Hunters Point Shipyard Artists open their studios 

The nation’s largest art colony welcomes the public into its digs this weekend, giving locals a chance to meet artists in their creative spaces and buy artwork at the source.

The occasion is the Hunters Point Shipyard Artists’ Spring Open Studios celebration. Free festivities take place at the shipyard’s seven art buildings and at studios at Islais Creek a few miles away.

More than 130 artists, from painters to photographers to ceramicists, are participating in the event at the 500-acre site in southeast San Francisco, which was deommissioned as a U.S. Navy base in 1974. (In 1983, artists began renting space there. It now contains about 250 artist studios.)

Photographer and environmentalist Sharon Beals (Building 116, No. 9) is known for her images of bird nests, including some exhibited at the National Academy of Sciences.

“It’s a way to invite people who would never pick up a pair of binoculars into the world of birds,” says Beals, who documents nests with high-resolution equipment and sets the images against black backgrounds, resulting in portraits of unique nests.

At Open Studios, Beals is displaying pictures of nests of threatened species, which she photographed at the Smithsonian Institution. She also is showing images of watersheds.

Ron Moultrie Saunders (Building 101, No. 2419), too, is a photographer, but he works without a camera. He creates autobiographical photograms, a process inspired by the “rayograms” of surrealist artist Man Ray and by traditions of early photography.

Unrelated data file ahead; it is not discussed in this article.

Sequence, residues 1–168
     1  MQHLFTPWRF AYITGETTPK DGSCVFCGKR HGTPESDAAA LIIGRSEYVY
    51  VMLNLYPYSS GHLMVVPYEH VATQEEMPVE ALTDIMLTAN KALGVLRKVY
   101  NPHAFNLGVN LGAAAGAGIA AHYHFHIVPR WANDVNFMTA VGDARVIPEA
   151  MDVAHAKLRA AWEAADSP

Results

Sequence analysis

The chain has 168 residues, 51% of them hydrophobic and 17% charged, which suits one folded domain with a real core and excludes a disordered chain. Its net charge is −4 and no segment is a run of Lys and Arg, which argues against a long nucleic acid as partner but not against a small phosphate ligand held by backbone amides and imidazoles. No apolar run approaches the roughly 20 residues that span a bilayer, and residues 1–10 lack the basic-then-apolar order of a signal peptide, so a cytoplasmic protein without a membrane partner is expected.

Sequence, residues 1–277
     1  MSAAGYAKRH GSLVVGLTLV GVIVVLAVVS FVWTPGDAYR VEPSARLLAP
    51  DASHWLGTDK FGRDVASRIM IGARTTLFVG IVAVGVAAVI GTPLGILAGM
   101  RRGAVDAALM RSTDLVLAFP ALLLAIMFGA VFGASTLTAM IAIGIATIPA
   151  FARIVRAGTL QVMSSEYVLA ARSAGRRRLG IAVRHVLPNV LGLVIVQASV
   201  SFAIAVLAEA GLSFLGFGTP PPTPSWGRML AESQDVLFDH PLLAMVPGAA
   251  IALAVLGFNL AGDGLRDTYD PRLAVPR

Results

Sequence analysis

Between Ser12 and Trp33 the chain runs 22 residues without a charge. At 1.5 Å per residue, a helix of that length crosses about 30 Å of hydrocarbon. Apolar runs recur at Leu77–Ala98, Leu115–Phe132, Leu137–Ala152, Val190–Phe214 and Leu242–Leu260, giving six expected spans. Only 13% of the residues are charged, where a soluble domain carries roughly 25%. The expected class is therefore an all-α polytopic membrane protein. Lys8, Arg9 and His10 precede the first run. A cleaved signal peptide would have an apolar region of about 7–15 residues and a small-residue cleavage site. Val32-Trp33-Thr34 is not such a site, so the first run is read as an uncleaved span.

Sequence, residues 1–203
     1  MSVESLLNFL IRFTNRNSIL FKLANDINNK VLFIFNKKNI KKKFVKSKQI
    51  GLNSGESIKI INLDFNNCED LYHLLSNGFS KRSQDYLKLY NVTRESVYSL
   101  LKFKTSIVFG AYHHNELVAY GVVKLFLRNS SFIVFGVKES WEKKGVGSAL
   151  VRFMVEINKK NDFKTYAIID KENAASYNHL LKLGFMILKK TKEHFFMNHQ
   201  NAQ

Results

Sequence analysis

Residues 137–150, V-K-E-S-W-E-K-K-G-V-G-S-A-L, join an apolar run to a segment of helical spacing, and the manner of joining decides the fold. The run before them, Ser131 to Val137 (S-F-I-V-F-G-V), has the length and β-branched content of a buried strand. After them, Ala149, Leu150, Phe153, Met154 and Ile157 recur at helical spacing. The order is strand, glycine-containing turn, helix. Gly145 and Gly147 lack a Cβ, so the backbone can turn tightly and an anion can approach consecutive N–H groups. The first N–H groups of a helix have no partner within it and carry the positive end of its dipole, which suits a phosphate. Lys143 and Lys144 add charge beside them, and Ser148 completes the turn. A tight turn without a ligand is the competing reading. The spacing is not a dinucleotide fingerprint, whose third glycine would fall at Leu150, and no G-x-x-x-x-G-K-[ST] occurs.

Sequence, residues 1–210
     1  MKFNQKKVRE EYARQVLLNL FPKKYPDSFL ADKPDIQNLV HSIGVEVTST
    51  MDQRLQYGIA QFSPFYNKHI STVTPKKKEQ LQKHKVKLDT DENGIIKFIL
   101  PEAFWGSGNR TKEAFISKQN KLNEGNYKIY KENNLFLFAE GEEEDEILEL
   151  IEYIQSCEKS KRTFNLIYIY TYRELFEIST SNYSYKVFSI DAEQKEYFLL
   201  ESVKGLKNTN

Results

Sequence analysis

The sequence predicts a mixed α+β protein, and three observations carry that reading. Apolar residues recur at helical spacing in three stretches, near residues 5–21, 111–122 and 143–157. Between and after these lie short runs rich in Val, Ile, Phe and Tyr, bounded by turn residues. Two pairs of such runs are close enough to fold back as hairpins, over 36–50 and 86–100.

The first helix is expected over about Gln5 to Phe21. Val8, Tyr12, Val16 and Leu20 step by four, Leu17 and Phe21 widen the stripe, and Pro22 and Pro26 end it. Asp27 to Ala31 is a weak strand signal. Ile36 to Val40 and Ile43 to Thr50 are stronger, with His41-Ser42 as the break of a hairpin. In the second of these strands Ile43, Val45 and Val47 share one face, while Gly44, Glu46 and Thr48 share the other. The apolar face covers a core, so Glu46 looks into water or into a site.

Plants are a significant subject for Saunders, who cites his background in landscape architecture as an inspiration.

“I saw in the plant world the full spectrum of life and death,” says Saunders, a cofounder of 3.9 Art Collective, a group of locally based black artists. This weekend, he is showing work from “The Secret Lives of Plants,” featuring images of flora.

Painter and teacher Tesia Blackburn (Building 101, No. 2315) creates abstract pictures layered with luminous color.

Her inspirations include Wassily Kandinsky (“my go-to guy”).

At Open Studios, Blackburn is exhibiting paintings from “Wonderland,” her series suggesting summertime, beaches, carnivals and being a kid, as well as works from a new series “Cosmolicious.” Describing the joy she derives from selling her art at events such as Open Studios, she says, “It is like little bits of me going out in the world.”


Shipyard Artists Spring Open Studios

Where: Hunters Point Shipyard, Innes Avenue and Donahue Street, S.F.

When: 11 a.m. to 6 p.m. April 25-26

Admission: Free


Note: The event also features artists at Islais Creek Studios, 1 Rankin St., S.F.

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Anita Katz

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